A new report commissioned by the Cascadia Innovation Corridor cross-border initiative recommends 14 “high-impact actions” that government and business leaders in Washington state, Oregon, and British Columbia could pursue together to address the impact of climate change.
The recommendations include steps to accelerate the adoption of electric cars and trucks and hydrogen energy; turn forestry and municipal waste into aviation fuel; retrofit residential and commercial buildings; and increase the use of data analysis and artificial intelligence to prevent and fight wildfires, among other initiatives.
Underscoring the need to move quickly, the report also identifies potential funding sources, including the U.S. Infrastructure Investment and Jobs Act, passed in 2021, and the more recent Inflation Reduction Act.
“With 51 billion tons of greenhouse gases emitted annually across the globe, Cascadia alone can’t solve the urgent and massive climate challenge, but we can and must do our part by becoming the first sustainable mega-region,” write the Cascadia Innovation Corridor co-chairs, former Washington Gov. Chris Gregoire and Greg D’Avignon, president and CEO of the Business Council of B.C., introducing the report.
Prepared by Boston Consulting Group, the report was released Monday morning in advance of the Cascadia 2050 Vision conference, taking place over the next two days in Blaine, Wash., near the U.S.-Canada border.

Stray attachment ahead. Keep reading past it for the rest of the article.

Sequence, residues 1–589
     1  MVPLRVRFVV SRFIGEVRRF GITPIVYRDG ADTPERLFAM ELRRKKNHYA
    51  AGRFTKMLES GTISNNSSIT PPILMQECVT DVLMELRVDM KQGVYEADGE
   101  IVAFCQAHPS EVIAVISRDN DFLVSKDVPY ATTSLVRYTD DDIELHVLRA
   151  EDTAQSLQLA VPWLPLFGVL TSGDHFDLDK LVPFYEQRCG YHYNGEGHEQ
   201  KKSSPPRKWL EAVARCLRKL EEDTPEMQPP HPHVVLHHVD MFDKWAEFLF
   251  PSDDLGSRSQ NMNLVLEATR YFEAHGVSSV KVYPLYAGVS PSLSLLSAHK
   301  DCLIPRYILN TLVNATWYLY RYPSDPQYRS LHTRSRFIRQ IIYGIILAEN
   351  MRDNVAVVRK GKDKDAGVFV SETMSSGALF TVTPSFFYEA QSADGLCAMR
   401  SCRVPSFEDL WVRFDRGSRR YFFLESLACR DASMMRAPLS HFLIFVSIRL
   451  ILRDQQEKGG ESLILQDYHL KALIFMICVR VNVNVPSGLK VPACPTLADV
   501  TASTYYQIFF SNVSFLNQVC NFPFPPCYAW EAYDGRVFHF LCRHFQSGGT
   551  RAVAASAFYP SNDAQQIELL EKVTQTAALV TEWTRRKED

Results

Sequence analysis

Speakers will include Chief Ian Campbell of the Squamish Nation, Washington Gov. Jay Inslee, California Gov. Gavin Newsom, Oregon Gov. Kate Brown, and British Columbia Premier John Horgan.
Microsoft co-founder Bill Gates, author of a recent book on climate change and sustainability, will speak at the conference with Microsoft President Brad Smith.
Also at the conference, the Seattle-Tacoma International Airport, Portland International Airport, and Vancouver International Airport are expected to announce plans to collaborate on climate initiatives.
Other topics will include the perennial subject of bringing high-speed rail to the region, which received an allocation of more than $150 million in funding from Washington state this year, contingent on federal matching grants.
Here are the 14 actions recommended by the report. Read the full report here.
- Accelerate the adoption and rollout of medium-to-heavy duty electric vehicles
- Standardize and expand light-duty electric vehicle charging infrastructure
- Convene stakeholders across the hydrogen value-chain to develop green hydrogen economy
- Expand port partnership including green corridors and electrification of operation
- Partner across sustainable aviation fuel (SAF) value chain to turn regional feedstocks into economic assets
- Equitably increase access to cost effective energy solutions for manufacturing, residential, and commercial buildings, including heat pumps and other retrofits
- Reduce peak demand through innovative and optimized demand response strategies in industrial, residential, and commercial buildings
- Identify and build new renewable energy sources while effectively addressing siting concerns
- Co-invest to accelerate R&D and deployment of innovative storage solutions
- Establish cost sharing programs to support shared infrastructure development such as [electricity] transmission
- Expand mechanisms to increase on-site renewable energy generation and storage
- Invest in and scale proven and promising engineered and nature-based carbon removal solutions
- Use data-driven, low-intensity prescribed burns to reduce wildfire fuel loads
- Coordinate data and AI usage across private and public sectors to improve wildfire response effectiveness e.g., firefighting, detection, evacuation
We’ll have more coverage from the conference on GeekWire over the next two days.
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